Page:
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Posts by Thomas M. Lenard


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Press Releases

Thomas Lenard and Lawrence J. White submitted their recent study, “ICANN at a Crossroads: A Proposal for Better Governance and Performance,” to the National Telecommunications and Information Administration (NTIA). The submission was in response to NTIA’s Notice of Inquiry on the upcoming expiration of the Joint Project Agreement (JPA) with the Internet Corporation for Assigned Names and Numbers ICANN). Lenard is President and Senior Fellow at TPI; White is Arthur E. Imperatore Professor of Economics at NYU’s Stern School of Business.

Press Releases

ICANN should be reformed “in a way that makes it truly accountable and clearly defines its scope of operations,” according to testimony delivered by TPI president and senior fellow Thomas Lenard at a hearing of the House Subcommittee on Communications, Technology and the Internet. Lenard said, “The expiration of the Joint Project Agreement (JPA) with the Department of Commerce this September provides a much-needed opportunity for a thorough evaluation of the structure, governance, and mission of ICANN.”

Commentaries and Op-Eds

The commercial use of information on the Internet has produced substantial benefits for consumers. But, as the use of information online has increased, so have concerns about privacy. This paper discusses how the use of individuals� information for commercial purposes affects consumers, and the implications of restricting information availability in the interest of privacy.

Research Papers

The commercial use of information on the Internet has produced substantial benefits for consumers. But, as the use of information online has increased, so have concerns about privacy. This paper discusses how the use of individuals� information for commercial purposes affects consumers, and the implications of restricting information availability in the interest of privacy.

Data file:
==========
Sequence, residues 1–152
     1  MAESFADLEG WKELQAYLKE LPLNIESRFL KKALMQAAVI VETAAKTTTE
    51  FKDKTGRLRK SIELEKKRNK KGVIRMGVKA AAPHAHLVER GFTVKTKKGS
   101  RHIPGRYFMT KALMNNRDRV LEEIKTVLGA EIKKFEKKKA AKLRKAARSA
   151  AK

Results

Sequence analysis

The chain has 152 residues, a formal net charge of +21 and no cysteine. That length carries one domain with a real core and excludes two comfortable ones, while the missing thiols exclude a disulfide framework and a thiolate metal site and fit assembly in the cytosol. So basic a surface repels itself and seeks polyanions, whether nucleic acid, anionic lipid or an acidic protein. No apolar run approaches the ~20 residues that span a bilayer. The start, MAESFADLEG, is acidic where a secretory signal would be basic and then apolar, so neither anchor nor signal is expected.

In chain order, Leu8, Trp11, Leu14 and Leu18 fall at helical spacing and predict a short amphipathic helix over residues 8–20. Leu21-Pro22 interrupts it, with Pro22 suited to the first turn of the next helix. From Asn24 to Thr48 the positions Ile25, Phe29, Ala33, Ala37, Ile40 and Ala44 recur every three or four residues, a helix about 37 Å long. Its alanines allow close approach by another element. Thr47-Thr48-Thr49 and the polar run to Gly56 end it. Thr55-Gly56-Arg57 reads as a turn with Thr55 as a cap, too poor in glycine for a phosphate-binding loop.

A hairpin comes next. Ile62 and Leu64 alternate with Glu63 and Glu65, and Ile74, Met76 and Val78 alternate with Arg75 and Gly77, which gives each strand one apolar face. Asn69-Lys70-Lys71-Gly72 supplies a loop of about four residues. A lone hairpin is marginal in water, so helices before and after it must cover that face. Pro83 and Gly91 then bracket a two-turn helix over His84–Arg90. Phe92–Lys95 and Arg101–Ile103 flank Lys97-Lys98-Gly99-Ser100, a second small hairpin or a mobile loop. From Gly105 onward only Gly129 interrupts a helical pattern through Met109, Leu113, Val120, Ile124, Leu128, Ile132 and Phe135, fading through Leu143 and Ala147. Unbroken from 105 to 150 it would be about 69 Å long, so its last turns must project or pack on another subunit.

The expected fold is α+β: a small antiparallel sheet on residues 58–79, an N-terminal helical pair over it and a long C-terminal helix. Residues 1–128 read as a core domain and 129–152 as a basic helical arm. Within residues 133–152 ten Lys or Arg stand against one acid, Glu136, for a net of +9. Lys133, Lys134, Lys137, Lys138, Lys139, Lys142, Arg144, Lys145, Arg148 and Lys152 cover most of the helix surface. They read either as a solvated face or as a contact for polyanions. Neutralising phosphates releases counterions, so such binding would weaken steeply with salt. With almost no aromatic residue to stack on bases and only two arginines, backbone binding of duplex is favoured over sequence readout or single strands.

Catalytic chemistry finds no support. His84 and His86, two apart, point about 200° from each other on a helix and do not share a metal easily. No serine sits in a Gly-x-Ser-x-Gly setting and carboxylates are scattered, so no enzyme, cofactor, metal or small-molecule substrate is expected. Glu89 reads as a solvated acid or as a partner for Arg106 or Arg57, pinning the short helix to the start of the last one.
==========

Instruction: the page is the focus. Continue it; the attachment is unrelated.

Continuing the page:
Testimony and Filings

71 economists explain why the National Telecommunications and Information Administration and The Rural Utilities Service should use competitive procurement auctions to allocate the broadband stimulus grants. The economists, in comments submitted to the NTIA and RUS, explain “why procurement auctions are more efficient and more consistent with the stimulus goals of allocating funds quickly than a traditional grant review process.”

The signatories are economists who have studied telecommunications, auctions, and competition policy and include two Nobel Laureates and three winners of the John Bates Clark medal for the best economist under 40. The comments were coordinated by Paul Milgrom, Gregory Rosston, and Andrzej Skrzypacz of Stanford University, and Scott Wallsten of the Technology Policy Institute. Thomas Lenard of TPI is one of the signers of the comments.

Research Papers

The Internet Corporation for Assigned Names and Numbers (ICANN) has control over extremely important aspects of the Internet, but is largely accountable to no one, according to a new study coauthored by Thomas M. Lenard and Lawrence J. White. ICANN�s governance structure should be dramatically reformed to make it more accountable before the current tie with the U.S. Department of Commerce is allowed to expire. Lenard is President and Senior Fellow at TPI; White is Professor of Economics at the NYU Stern School of Business.

Research Papers

Electric power is one of the last major regulated industries to undergo some form of ?liberalization.? One of the most important steps has been creating regional transmission organizations (RTOs) in major regions of the country. RTOs are independent non-profit entities that operate utility-owned transmission networks. They are intended to increase competition and efficiency in the market for wholesale power, which should lead to lower wholesale prices. This paper tests whether RTOs have, in fact, achieved this goal.

Press Releases

Technology Policy Institute president and senior fellow Thomas Lenard filed comments today with the Federal Communications Commission on its proposal to auction the 2155-2175 MHz band (AWS-3) subject to rules that would require the winner to offer a basic tier of free wireless broadband service that virtually the entire U.S. population could access. The service conditions are similar to those contained in a 2006 application by M2Z to obtain this spectrum for free.

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